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Discussion Starter · #1 ·
Hello from Alberta. I recently purchased what I believe to be a 1968 Moto-Mower Snow Shark 7 with dual-augers. Its a beast and I am currently going through it to get it ready for winter. I tore apart the transmission which is a Foote Model 36 based on my research. Fortunately all of the internals are in good shape, unlike some of the other unlucky owners of these. The grease had congealed and needs replaced.

I am planning to drill/tap holes on each side of the 2-part housing to accommodate grease fittings. Once done, I will repack it with grease. I am having trouble pinpointing what grease to use. The OEM recommended #4300 Shell Darina "O" which does not exist anymore.

Could someone recommend a suitable low-temp replacement grease? I'd like to put the right lube back into this thing given if it dies, the whole machine is useless!

Also, if anyone out there has a spare Foote Model 36 I'd be interested in buying a parts unit. Thanks.
 

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Discussion Starter · #3 ·
Thanks for the welcome.

I have been seeing 00 in my research, but it appears not to come in a grease gun tube. Likely due to its semi-fluid properties. Is anyone aware of this coming in a tube?

I guess if I used this grease I would be better off adding a plug instead of a grease fitting. But what I took out of the trans was quite thick and clearly never was very fluid at all. I'd like to put something similar back in.
 

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I have been seeing 00 in my research, but it appears not to come in a grease gun tube. Likely due to its semi-fluid properties. Is anyone aware of this coming in a tube?
#00 is a liquid grease; but sure, here's an example of thickened #00: Super Lube 41150/00 $14.87 Multipurpse Grease, PTFE, 14.1 oz., NLGI 00 | Zoro.com
But what I took out of the trans was quite thick and clearly never was very fluid at all. I'd like to put something similar back in.
I think that Darina grease is clay thickened, similar to what was originally in Honda snow blower right side transmissions. People put a zerk on there now, insure that all the old grease is cleaned out, and then use a quality synthetic molybdenum grease that is compatible with all the metal components.
 

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Ya... I dunno. I get mine in a GG tube, but. Far far away...

A quick search shows Oregon has it a 32oz. squeeze bottle, that'd probably work... gotta be some in a tube though somewhere.

Here's another thread that might offer some clues:

 

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I would just pack it with a low temperature grease and reassemble. Grease fittings have little benefit here since the moisture will settle at the bottom of the housing away from the seals where the grease would have to escape. Grease fittings are used in situations where the intent is to move dirt and moisture out of the assembly as new grease is forced in. The volume of grease you would have to force through the housing to clear contamination is quite large and without an intentional path for grease to escape, would be ineffective at cycling that contamination out. There is also the residual pressure of pumping in grease which brings up the question of are the seals capable of retaining grease under pressure? Will they just pop out as you pump the handle? Put another way, when an engineer designs an assembly with grease fittings they specify seals that are intended to let the grease pass while remaining in place and without compromising the seal on the shaft.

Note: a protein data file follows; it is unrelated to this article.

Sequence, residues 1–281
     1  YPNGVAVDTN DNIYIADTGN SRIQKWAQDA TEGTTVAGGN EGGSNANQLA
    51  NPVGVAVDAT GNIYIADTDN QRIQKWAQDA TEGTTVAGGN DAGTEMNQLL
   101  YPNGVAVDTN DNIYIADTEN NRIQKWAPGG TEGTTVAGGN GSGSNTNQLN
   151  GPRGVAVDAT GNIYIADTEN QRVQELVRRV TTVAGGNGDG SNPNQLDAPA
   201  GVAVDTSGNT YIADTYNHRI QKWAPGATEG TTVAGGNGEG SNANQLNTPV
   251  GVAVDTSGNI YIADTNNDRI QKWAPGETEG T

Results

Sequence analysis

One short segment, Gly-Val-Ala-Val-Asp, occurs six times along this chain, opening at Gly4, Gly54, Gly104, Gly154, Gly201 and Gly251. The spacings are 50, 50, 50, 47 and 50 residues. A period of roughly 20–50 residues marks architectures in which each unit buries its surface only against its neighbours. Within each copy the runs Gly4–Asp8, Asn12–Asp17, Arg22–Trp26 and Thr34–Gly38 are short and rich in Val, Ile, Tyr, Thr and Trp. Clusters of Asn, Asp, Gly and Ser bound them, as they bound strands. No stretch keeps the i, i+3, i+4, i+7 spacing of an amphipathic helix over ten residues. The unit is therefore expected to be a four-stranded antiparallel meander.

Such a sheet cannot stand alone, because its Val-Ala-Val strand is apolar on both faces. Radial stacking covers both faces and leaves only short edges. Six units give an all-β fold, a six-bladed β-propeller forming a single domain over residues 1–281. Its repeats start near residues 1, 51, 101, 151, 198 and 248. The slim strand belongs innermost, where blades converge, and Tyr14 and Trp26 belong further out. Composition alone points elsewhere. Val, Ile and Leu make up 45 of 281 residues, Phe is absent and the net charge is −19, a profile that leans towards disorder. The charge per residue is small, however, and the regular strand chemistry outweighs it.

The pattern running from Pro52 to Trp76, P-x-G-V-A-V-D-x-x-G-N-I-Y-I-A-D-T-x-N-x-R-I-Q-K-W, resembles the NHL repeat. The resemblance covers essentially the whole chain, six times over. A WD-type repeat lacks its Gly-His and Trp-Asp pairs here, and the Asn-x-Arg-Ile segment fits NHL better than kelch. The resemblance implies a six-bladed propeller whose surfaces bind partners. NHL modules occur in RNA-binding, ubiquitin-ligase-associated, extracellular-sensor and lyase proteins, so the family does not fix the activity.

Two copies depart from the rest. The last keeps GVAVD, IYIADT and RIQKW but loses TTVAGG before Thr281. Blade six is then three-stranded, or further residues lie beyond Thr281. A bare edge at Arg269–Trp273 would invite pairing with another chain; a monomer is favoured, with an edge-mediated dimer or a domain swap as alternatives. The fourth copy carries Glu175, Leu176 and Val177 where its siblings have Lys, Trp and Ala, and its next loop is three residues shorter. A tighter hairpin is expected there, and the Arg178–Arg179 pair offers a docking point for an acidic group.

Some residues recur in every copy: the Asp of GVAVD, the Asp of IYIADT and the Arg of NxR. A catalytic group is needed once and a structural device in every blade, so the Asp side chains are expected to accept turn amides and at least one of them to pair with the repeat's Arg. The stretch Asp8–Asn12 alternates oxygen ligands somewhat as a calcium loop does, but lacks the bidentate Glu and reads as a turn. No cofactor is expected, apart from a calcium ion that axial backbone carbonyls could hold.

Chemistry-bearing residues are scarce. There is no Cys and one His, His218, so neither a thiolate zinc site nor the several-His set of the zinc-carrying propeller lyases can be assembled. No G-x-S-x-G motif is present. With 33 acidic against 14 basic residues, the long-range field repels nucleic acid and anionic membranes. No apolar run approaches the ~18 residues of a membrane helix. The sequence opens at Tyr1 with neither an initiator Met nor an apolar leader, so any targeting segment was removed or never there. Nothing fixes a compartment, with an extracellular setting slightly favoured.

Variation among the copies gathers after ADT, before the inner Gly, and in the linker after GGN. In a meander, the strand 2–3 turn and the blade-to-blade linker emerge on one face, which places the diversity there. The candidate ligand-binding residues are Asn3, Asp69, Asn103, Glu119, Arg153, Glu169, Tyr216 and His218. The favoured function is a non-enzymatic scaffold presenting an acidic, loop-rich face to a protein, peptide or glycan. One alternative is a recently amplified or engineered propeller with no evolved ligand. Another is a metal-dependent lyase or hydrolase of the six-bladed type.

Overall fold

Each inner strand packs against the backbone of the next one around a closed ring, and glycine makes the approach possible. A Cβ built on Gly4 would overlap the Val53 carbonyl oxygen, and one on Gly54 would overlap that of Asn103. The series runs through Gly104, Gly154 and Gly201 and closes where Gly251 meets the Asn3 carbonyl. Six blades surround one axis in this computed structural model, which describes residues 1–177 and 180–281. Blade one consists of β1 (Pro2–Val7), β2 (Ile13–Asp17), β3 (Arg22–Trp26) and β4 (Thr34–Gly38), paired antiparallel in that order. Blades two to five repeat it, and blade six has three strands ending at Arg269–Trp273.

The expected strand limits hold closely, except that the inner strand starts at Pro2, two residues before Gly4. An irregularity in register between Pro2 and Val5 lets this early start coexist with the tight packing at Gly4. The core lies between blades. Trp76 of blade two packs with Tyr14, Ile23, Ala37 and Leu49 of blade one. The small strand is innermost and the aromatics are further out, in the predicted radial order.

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Discussion Starter · #7 ·
I would just pack it with a low temperature grease and reassemble. Grease fittings have little benefit here since the moisture will settle at the bottom of the housing away from the seals where the grease would have to escape. Grease fittings are used in situations where the intent is to move dirt and moisture out of the assembly as new grease is forced in. The volume of grease you would have to force through the housing to clear contamination is quite large and without an intentional path for grease to escape, would be ineffective at cycling that contamination out. There is also the residual pressure of pumping in grease which brings up the question of are the seals capable of retaining grease under pressure? Will they just pop out as you pump the handle? Put another way, when an engineer designs an assembly with grease fittings they specify seals that are intended to let the grease pass while remaining in place and without compromising the seal on the shaft.
You make a fair point here. I am actually leaning away from adding a grease fitting as there only seems to be about 1/8" of aluminum there to tap. I am concerned it wont provide enough threads to bite. This trans doesn't have any seals, just a pair of gaskets between the housings. The shafts exit the case through a flange bearing and a ball bearing and that's it. So I am thinking the 00 will leak out more easily than something thicker.

I will keep digging and report back on what I decided upon. Many of the cold-friendly greases are only rated for -20C and man, does it get colder than that up here in Calgary! There is a Calcium-based MotoMaster low-temp grease from Canadian Tire that is rated for -50C. It is thicker though at Grade 2.


I will likely grab a few tubes of that and call it a day.

Thanks everyone for the replies.
 

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I have always used the Canadian Tire Low Temp snowmobile grease on my Ariens blowers (auger zerks, hex and axle shafts etc.).

I agree, it is probably your best solution and should work well for your application.
 
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